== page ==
Last month I was lucky enough to win a mona lavender plant. Not only is it beautiful, but it was one that I neither owned nor knew of. time to learn about it.
On the plant label she was called Mona Lavender Plectranthus. None of my gardening books contained descriptions of it. Luckily, the internet offers an amazing array of resources.
In the 1990s, two South African perennials, Plectranthus species (P. saccatus and Philliardiae ssp. Autrale ‘Magwa’) were crossed to produce the hybrid Mona Lavender (Plectrantus hybridus ‘Plepalila’ PP13858). She shares characteristics of both parent plants with bright foliage and lavender flowers.
Its distinctive lavender, double-lipped flowers open on a purple stalk that protrudes above serrated, glossy leaves that are green above and purple below. The lush lavender blooms attract pollinators like butterflies and hummingbirds. It belongs to the mint family and is closely related to Coleus (Coleus amboinicus) and Creeping Charlie (Glechoma hederacea).
It can grow 1-2 feet tall and 1-2 feet wide. In the Victoria area, it is a low-maintenance perennial shrub that flowers outdoors from spring through fall.
Mona lavender is sensitive to cold and is often grown as a houseplant. If freezing temperatures are forecast, bring patio containers inside. If your plant is too big to move, take cuttings to propagate indoors.
The light determines both the flower and leaf color. The brighter the light, the richer its color becomes. This fact is particularly noticeable in the more intensely colored leaves.
Protect it from the afternoon sun. Mona Lavender cannot thrive in extreme heat. My mantra for patio plants is “morning sun, afternoon shade”.
As a houseplant, Mona Lavender needs as much bright and indirect light as possible. It prefers temperatures of 60-80 degrees Fahrenheit year-round.
Mona Lavender needs an acidic, well-drained soil with rich organic matter. It thrives best in evenly moist soil. Like most tropical plants, it is considered a thirsty plant that needs water when the soil feels dry.
It can be fertilized every two months during the growing season with a balanced water-soluble fertilizer. If the soil is alkaline, fertilizing with a more acidic fertilizer will enrich both flower and foliage color.
Avoid fertilizing this plant in the fall and winter. If you fertilize during this time, the foliage will grow instead of flowering. Continue fertilizing when flowering slows and a boost is needed.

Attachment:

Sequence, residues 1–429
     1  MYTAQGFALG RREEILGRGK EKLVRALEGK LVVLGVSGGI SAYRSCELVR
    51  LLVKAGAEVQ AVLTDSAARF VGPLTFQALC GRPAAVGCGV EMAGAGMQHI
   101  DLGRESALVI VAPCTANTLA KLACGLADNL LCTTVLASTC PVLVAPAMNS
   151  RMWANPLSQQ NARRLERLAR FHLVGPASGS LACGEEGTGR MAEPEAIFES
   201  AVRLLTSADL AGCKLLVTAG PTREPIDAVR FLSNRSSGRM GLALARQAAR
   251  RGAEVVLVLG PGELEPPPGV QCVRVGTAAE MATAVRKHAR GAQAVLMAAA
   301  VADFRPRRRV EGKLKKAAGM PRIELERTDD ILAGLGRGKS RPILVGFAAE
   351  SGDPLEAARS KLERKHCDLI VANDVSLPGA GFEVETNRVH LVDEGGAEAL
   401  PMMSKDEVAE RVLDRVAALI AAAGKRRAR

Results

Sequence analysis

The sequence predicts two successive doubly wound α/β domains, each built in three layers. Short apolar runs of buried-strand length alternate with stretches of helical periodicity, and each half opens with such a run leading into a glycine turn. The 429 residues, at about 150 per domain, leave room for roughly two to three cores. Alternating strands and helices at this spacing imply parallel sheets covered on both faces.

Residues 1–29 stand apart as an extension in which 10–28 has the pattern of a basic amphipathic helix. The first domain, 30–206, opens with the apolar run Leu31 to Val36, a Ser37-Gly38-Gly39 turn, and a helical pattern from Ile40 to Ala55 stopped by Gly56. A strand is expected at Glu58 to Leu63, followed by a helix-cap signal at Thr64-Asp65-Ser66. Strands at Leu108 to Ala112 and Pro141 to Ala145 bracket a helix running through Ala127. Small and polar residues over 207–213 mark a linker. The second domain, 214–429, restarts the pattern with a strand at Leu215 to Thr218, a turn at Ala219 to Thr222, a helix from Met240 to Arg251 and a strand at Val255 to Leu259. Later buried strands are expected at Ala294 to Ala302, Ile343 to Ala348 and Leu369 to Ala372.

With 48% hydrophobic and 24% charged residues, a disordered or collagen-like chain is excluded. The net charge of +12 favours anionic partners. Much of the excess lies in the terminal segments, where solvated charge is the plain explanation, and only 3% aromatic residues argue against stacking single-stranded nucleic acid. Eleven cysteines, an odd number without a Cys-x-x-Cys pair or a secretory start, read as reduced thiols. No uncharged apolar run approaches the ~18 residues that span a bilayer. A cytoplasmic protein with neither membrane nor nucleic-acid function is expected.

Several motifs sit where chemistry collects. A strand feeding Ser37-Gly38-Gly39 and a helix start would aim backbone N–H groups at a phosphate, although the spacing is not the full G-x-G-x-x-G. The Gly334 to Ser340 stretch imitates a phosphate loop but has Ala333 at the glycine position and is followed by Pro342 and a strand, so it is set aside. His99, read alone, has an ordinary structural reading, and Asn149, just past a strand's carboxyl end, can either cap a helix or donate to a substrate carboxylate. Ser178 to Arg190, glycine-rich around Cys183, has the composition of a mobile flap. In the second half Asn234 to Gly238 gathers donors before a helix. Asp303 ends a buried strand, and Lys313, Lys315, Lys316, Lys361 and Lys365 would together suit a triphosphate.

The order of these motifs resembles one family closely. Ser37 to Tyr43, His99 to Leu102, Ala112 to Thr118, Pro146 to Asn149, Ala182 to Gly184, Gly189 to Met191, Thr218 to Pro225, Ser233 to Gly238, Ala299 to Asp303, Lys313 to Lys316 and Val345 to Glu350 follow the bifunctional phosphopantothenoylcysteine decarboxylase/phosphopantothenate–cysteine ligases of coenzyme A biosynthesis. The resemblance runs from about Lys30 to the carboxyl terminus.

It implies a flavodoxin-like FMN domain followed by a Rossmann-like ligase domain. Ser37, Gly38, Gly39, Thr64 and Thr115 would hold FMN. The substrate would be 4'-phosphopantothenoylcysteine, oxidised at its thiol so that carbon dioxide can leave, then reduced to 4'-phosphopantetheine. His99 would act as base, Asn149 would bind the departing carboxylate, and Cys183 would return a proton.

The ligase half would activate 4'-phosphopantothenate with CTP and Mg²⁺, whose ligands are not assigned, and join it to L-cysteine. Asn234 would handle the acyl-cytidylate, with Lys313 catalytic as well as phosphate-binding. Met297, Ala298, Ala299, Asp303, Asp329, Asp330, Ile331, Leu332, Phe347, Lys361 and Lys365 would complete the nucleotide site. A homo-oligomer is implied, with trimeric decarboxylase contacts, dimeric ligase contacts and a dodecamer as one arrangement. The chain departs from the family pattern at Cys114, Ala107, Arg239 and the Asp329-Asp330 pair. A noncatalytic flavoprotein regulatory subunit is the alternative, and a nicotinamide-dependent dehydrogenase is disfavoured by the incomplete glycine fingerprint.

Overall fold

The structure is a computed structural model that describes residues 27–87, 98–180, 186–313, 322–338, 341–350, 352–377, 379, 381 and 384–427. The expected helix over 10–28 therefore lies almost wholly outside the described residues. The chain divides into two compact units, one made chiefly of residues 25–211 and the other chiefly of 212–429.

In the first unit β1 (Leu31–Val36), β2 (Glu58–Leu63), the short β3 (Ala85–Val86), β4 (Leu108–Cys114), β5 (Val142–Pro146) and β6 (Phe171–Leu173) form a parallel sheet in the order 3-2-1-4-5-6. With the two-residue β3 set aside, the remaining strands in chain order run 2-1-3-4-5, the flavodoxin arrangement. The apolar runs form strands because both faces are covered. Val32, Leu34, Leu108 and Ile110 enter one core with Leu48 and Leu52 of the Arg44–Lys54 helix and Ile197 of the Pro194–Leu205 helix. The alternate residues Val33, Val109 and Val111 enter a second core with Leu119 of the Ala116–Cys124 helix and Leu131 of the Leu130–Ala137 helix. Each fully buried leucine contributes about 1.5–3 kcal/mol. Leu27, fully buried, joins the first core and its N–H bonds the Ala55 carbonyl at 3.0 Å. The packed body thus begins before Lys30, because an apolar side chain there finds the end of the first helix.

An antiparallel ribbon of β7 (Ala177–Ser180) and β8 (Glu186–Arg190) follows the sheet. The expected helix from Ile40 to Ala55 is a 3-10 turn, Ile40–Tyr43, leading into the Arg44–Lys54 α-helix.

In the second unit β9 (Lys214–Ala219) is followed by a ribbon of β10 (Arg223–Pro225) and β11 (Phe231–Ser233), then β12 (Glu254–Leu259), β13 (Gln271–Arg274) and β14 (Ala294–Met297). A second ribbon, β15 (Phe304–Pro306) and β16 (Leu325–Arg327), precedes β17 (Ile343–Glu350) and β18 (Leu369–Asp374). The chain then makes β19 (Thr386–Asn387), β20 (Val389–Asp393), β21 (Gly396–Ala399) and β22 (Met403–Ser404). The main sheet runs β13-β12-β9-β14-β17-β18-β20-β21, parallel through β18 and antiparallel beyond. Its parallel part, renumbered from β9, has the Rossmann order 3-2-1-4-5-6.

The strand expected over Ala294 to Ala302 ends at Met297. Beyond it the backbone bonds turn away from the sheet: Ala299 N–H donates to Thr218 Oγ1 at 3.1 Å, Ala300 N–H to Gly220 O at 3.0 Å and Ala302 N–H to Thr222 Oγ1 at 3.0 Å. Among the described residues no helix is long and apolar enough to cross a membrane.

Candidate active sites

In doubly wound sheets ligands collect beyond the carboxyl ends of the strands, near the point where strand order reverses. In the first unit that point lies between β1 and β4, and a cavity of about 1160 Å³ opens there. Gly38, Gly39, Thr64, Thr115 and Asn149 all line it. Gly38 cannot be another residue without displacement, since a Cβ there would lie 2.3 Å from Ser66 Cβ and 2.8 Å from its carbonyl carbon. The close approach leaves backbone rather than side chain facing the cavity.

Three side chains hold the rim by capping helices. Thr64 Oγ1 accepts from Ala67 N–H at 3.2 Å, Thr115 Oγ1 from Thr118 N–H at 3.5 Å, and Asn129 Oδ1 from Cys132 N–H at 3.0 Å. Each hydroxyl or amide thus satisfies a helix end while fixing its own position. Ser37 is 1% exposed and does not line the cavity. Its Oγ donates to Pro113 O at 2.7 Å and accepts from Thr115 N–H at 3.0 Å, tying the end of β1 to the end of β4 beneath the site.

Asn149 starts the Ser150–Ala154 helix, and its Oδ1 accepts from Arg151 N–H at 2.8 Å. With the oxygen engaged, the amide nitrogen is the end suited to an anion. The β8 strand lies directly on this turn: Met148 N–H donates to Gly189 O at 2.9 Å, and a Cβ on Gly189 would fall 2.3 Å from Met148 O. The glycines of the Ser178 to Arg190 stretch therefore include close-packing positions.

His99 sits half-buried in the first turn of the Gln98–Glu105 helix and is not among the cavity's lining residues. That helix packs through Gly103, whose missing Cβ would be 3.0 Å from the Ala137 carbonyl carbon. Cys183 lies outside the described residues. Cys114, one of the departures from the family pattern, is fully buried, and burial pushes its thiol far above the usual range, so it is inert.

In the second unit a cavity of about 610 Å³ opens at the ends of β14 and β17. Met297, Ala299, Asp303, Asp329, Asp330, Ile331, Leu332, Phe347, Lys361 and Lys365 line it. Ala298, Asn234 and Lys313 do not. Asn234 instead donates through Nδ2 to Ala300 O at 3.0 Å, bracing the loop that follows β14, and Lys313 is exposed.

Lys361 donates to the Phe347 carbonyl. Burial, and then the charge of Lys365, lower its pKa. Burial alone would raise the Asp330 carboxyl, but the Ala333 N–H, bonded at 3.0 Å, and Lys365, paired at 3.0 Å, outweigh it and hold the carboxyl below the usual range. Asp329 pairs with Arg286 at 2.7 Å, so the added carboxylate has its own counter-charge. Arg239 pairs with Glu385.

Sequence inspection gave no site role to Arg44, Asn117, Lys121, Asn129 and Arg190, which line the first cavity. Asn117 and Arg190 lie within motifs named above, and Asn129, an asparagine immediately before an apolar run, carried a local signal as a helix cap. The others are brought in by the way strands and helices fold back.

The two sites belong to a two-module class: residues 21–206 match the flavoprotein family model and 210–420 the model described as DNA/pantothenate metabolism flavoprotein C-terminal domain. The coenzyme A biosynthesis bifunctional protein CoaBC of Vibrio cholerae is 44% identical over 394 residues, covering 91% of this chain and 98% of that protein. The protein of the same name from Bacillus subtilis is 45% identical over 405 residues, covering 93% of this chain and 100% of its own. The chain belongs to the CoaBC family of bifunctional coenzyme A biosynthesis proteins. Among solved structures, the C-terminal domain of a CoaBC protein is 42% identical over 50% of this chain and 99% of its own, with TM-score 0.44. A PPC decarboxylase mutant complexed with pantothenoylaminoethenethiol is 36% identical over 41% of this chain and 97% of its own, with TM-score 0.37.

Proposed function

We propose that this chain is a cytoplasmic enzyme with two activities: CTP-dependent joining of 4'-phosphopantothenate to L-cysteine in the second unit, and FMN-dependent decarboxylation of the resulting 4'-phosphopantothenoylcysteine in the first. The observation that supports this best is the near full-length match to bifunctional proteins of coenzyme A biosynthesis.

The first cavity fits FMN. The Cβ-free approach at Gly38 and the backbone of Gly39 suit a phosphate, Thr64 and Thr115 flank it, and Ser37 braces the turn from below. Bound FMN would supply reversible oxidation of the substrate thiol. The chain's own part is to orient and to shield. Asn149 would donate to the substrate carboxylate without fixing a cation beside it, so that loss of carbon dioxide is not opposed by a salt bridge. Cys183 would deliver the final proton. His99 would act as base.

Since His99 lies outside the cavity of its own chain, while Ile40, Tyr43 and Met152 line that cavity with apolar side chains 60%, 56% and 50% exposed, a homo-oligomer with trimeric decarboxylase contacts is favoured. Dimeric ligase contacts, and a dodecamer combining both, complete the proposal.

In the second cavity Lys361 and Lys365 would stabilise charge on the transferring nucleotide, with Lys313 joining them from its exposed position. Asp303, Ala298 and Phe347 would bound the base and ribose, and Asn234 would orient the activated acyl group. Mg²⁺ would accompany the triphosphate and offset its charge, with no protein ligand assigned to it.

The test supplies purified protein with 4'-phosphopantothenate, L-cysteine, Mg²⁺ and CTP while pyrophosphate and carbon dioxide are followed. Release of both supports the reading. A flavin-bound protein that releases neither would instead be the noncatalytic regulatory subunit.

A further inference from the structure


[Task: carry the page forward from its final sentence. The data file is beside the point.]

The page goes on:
In general, it’s a good idea to pinch young plants regularly to encourage fuller, bushier growth. Cut off new stem tips frequently to keep the plant compact in shape and shape. Be sure to remove the inflorescences after flowering.
Aside from common pests, Mona Lavender is relatively trouble-free. However, it can become sparse and leggy. This situation occurs when it doesn’t get enough indirect bright light. To fix this problem, prune back leggy stems and place them in an indoor south- or west-facing window or a sunnier spot outdoors.
Mona Lavender can be grown in containers or hanging baskets and as a colorful bedding plant. As a houseplant, it usually lives for about five years.
Growers recommend repotting mona lavender plants every year or two. Choose containers 1 to 2 inches wider than current pots and use fresh, well-drained potting soil.
A very appealing aspect of Mona Lavender is its color. Lavender flowers represent devotion, serenity, grace, healing and calm. They are also associated with light-hearted, romantic energies.
The green leaves signify balance and peace while promoting calm. For many people, green colors make them feel optimistic, refreshed and closer to nature.
Mona Lavender evokes all these feelings in me and has certainly enriched my plant collection and me.
The Gardeners’ Dirt was written by members of the Victoria County Master Gardener Association, an educational initiative of Texas A&M AgriLife Extension – Victoria County. Submit your questions to Advocate, PO Box 1518, Victoria, TX 77901; or firstname.lastname@example.org, or comment on this column on VictoriaAdvocate.com.